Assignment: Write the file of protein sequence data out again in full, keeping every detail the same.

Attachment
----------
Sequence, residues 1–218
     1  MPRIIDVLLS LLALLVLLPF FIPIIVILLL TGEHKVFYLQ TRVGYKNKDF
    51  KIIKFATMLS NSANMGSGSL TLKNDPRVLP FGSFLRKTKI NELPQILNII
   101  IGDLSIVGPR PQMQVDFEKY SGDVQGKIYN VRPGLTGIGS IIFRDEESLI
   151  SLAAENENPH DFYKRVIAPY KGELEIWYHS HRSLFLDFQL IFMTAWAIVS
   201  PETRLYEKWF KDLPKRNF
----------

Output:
Sequence, residues 1–218
     1  MPRIIDVLLS LLALLVLLPF FIPIIVILLL TGEHKVFYLQ TRVGYKNKDF
    51  KIIKFATMLS NSANMGSGSL TLKNDPRVLP FGSFLRKTKI NELPQILNII
   101  IGDLSIVGPR PQMQVDFEKY SGDVQGKIYN VRPGLTGIGS IIFRDEESLI
   151  SLAAENENPH DFYKRVIAPY KGELEIWYHS HRSLFLDFQL IFMTAWAIVS
   201  PETRLYEKWF KDLPKRNF